Joe Torre: Home plate collision rule will stay after experimental season
The collision rule (Rule 7.13) will stay in the MLB rule books after its experimental season, David Lennon of Newsday reports.
The rule was originally put into place in the offseason to ban "egregious collisions" at home plate for the 2014 season. Rule 7.13 states that "catchers can block the plate if they catch the ball before a runner arrives, but the catcher cannot block the path of runner trying to score. If catcher does block in such fashion, the runner will be called safe."
In June of this year, Torre released a statement clarifying the rule due to a call in the Reds' 11-4 win over the Pirates on June 18, when catcher Devin Mesoraco was forced at home. The call was overturned on replay because the umpires rules that Pittsburgh catcher Russell Martin had been blocking the plate, even though the ball had beaten Mesoraco to the plate.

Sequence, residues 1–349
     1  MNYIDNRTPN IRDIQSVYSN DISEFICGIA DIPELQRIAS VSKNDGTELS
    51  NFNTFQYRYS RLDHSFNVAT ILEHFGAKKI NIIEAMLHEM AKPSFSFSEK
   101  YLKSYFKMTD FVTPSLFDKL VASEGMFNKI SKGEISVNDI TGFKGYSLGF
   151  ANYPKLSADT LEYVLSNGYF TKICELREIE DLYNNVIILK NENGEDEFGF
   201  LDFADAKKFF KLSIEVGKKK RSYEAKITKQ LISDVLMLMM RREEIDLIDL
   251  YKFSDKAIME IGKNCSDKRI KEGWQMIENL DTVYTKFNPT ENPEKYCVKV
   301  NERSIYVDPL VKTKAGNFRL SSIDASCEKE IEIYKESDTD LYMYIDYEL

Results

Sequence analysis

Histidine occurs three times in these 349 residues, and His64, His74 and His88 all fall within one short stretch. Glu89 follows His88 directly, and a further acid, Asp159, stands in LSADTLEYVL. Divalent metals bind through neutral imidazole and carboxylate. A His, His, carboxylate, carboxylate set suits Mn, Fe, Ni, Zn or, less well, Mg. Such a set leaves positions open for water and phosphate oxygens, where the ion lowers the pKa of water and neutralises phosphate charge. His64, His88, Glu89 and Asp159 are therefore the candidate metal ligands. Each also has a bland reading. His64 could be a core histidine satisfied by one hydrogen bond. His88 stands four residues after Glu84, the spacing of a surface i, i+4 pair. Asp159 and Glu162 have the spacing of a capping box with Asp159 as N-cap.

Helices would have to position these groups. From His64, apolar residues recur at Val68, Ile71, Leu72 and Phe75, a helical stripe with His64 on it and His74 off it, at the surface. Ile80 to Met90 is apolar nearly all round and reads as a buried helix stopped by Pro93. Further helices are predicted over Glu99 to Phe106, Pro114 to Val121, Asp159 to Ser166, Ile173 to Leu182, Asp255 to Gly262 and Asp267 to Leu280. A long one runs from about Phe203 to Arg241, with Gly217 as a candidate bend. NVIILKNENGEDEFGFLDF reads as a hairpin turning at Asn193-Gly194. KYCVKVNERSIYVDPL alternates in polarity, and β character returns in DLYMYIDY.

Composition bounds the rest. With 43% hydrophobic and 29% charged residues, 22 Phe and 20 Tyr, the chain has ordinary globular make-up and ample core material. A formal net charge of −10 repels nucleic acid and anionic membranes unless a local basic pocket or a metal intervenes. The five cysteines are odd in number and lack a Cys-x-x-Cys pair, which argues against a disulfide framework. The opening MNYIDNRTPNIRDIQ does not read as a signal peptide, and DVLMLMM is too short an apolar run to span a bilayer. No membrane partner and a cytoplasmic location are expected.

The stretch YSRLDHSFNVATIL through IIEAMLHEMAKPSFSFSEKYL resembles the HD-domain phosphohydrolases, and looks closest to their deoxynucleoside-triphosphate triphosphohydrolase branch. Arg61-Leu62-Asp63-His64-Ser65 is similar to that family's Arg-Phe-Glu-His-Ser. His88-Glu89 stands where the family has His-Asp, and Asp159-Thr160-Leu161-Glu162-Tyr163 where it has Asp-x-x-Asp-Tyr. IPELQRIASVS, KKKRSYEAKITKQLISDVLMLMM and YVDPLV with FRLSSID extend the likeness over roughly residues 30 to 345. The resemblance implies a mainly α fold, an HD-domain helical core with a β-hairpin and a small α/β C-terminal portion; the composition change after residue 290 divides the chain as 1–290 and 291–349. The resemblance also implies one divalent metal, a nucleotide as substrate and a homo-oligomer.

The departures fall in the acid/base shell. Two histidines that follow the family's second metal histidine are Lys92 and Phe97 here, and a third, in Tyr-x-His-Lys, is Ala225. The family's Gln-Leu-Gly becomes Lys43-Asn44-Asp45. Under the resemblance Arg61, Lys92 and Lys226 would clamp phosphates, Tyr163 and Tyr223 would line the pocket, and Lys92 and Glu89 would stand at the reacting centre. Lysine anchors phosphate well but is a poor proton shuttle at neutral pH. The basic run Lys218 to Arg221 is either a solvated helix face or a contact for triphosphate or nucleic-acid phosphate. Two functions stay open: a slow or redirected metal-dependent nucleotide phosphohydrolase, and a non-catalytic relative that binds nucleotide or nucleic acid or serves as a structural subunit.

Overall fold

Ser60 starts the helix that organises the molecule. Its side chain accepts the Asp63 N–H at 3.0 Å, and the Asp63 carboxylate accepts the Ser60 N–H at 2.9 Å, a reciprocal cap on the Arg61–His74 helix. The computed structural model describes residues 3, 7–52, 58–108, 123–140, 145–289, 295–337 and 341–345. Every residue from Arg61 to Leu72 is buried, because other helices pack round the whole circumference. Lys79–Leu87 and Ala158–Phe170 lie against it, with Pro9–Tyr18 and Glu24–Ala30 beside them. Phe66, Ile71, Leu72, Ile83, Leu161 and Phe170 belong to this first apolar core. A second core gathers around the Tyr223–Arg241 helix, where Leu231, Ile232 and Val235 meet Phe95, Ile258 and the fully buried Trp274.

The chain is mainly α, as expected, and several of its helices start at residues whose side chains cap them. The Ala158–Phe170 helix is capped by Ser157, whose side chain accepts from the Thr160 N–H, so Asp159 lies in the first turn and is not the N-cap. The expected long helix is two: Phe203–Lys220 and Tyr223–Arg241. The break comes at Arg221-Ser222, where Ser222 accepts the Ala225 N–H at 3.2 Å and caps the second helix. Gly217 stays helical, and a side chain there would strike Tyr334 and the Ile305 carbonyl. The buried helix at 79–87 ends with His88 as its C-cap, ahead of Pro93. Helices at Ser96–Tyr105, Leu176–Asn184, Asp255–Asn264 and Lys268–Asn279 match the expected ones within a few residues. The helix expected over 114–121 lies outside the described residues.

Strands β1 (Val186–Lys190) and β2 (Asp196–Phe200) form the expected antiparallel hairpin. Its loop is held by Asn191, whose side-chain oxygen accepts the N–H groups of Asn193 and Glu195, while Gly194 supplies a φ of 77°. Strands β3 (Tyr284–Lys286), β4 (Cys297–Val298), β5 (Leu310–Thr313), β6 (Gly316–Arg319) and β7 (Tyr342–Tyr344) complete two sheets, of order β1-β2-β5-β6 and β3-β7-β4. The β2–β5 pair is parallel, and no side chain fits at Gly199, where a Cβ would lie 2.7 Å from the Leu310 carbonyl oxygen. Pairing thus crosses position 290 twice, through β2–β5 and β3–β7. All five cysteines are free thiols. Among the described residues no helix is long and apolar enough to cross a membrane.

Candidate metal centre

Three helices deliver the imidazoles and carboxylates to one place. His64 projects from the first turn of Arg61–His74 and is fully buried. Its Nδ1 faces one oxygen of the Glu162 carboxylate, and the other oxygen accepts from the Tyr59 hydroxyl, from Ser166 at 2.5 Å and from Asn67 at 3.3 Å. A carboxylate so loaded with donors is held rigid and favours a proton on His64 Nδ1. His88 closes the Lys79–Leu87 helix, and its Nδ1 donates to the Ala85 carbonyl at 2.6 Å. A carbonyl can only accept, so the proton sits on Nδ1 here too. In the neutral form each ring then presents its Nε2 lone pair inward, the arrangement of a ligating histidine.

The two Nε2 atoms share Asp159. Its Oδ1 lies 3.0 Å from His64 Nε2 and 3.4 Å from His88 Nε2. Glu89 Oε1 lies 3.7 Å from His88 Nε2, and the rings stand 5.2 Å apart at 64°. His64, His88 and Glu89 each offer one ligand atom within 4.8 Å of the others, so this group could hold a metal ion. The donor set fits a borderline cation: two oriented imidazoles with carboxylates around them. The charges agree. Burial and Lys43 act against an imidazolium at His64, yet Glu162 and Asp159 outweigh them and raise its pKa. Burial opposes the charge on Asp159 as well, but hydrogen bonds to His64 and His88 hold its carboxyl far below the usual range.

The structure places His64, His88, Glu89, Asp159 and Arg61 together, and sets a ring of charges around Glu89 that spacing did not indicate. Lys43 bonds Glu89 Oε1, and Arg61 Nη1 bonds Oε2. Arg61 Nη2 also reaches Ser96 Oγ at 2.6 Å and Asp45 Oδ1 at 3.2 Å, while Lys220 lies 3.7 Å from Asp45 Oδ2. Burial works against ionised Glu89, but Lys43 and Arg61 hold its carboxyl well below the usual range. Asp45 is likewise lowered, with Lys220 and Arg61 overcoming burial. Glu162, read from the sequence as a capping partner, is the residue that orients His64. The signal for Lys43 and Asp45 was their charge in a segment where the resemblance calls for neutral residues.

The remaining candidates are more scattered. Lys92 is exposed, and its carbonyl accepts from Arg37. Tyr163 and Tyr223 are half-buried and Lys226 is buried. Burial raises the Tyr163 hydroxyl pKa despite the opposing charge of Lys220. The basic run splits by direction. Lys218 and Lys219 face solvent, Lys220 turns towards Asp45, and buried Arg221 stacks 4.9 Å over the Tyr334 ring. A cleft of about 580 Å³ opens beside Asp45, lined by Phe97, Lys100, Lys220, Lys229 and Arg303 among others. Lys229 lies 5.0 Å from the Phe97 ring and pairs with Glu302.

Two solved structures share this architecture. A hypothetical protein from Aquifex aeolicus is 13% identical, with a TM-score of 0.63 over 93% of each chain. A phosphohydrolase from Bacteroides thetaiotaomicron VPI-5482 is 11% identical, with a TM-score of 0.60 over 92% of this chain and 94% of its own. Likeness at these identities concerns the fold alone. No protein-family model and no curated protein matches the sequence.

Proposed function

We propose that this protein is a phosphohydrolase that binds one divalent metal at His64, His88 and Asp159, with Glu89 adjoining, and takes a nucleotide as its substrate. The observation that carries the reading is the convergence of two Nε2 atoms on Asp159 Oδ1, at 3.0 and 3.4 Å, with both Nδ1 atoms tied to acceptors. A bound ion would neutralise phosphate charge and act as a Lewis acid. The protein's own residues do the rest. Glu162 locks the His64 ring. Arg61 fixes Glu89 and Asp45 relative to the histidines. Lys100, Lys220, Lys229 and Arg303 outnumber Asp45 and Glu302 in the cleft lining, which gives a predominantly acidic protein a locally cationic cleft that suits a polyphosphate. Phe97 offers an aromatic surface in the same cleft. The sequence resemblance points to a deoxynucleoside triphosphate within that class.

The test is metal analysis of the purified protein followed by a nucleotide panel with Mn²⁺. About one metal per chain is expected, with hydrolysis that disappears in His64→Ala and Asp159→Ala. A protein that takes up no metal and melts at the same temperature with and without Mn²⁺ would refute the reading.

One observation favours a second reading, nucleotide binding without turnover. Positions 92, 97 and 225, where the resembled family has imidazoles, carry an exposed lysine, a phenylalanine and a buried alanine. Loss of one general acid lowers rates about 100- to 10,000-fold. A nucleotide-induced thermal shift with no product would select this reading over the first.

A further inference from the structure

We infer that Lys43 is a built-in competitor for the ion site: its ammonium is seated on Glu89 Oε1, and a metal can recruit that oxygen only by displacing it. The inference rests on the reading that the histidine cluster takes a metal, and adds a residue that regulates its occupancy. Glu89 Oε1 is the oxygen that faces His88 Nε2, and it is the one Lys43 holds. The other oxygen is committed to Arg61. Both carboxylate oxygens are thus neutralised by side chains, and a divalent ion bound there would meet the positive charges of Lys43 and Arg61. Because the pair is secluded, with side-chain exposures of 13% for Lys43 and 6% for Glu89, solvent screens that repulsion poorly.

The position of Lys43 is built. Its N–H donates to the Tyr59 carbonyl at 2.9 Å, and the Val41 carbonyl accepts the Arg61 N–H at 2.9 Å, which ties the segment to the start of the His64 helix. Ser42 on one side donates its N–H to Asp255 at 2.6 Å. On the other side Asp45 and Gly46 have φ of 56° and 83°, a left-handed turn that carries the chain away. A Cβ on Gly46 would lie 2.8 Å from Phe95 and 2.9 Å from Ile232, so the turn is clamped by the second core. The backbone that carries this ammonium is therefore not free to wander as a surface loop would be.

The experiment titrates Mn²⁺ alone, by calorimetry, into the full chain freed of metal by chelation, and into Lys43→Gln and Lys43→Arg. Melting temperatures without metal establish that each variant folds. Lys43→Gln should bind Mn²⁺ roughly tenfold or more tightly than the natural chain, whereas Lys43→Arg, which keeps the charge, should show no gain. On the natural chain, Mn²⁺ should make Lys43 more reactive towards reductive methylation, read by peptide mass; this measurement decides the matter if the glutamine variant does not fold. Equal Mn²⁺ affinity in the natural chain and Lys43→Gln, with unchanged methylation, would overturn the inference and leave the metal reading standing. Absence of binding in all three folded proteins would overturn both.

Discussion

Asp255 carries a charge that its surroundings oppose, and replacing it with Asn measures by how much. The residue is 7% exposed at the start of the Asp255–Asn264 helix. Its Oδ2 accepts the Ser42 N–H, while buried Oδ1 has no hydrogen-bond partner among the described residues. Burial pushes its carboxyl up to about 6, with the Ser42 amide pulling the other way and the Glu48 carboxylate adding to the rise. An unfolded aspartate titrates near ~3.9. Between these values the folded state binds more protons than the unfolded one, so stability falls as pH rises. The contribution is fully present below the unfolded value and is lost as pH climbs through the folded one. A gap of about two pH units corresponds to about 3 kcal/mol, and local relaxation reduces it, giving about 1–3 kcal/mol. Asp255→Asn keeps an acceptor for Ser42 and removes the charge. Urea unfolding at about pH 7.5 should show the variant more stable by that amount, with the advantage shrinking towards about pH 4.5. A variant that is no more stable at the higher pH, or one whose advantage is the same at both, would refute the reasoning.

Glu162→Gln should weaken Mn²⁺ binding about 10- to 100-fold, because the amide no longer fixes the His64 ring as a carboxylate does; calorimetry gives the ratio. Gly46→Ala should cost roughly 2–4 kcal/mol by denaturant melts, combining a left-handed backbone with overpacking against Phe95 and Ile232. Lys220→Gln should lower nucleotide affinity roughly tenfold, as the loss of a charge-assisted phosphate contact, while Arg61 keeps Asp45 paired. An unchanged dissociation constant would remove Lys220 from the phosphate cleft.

From Major League Baseball:
The Rule as intended has no function or purpose in the context of a force play (i.e., a runner attempting to score from third with the bases loaded). As a result, effective immediately, Umpires will be instructed not to apply Rule 7.13 to force plays at home plate.
Torre's comments came in Minnesota during the MLB All-Star break.
On Monday's SI Now, Atlanta Braves first baseman Freddie Freeman discusses teammate B.J. Upton and former teammate Brian McCann and why it will take time before they can live up to expectations.
- Sarah Barshop